Biofuels produced from biomass could provide up to 27% of global transport fuels by 2050, according to a new report from the International Energy Agency (IEA)."
The report, Biofuels for Transport, indicates that sustainable biofuel consumption – using only biofuels that bring life cycle environmental benefits without compromising food security – could increase from 55 million tonnes of oil equivalent (Mtoe) now to 750 Mtoe in 2050.
The switch to biofuels would, by 2050, provide one fifth of emission reductions in the transport sector – equivalent to 2.1 gigatonnes of CO2.
“While vehicle efficiency will be the most important and most cost-efficient way to reduce transport-emissions, biofuels will still be needed to provide low-carbon fuel alternatives for planes, marine vessels and other heavy transport modes,” says Bo Diczfalusy, director of sustainable energy policy and technology at IEA.
The emissions reductions rely on minimising fossil fuel use during the production of biofuels – from cultivation to transport and conversion, as well as avoiding direct or indirect land-use change, such as cutting down forests to make way for feedstock production.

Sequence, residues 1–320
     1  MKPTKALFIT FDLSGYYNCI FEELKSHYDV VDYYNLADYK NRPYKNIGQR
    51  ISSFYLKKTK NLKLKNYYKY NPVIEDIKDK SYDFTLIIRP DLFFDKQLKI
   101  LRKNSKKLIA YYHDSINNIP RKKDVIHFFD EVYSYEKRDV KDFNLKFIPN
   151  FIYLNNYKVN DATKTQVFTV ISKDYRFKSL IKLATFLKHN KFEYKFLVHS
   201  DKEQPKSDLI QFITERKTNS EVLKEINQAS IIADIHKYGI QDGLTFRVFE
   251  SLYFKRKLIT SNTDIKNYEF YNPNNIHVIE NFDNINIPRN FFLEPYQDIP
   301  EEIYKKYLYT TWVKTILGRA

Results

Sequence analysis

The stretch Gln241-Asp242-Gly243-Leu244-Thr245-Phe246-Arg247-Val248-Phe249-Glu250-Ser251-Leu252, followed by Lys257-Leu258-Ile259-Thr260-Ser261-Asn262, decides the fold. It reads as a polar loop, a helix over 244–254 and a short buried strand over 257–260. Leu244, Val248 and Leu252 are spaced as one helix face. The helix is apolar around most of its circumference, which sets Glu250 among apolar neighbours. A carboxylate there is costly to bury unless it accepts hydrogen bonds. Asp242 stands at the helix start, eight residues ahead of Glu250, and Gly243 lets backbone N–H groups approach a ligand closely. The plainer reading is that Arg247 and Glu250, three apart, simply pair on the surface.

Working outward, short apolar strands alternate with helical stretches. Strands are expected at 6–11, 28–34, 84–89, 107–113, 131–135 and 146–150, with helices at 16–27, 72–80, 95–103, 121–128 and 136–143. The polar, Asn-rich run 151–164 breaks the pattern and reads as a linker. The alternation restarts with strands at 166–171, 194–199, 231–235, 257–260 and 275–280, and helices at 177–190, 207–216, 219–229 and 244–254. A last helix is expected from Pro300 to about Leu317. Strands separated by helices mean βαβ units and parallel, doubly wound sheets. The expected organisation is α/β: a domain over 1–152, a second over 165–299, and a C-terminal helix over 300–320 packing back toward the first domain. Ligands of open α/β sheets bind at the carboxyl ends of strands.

The IEA report says that conventional biofuels, mainly produced from starch, sugar and oilseed crops, will have to improve their performance on reducing greenhouse gas emissions.
Over the next decade, the IEA says that ‘advanced’ technologies based on lignocellulosic biomass such as wood and straw will have to be deployed commercially to produce the lion’s share of biofuel. But the investment in such technologies could top $13 trillion.
“Further support for advanced biofuel research, development and demonstration is still needed to improve conversion efficiencies and reduce costs,” says Diczfalusy. “Investments in commercial-scale production units will be a key to enable advanced biofuels to reach full market maturity.”
The report also stresses that governments should have mandatory sustainability standards for biofuels, as the UK has attempted to do, and ensure that they are aligned internationally to avoid acting as trade barriers.
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But increases in biofuel use have led to record food prices and accelerated deforestation.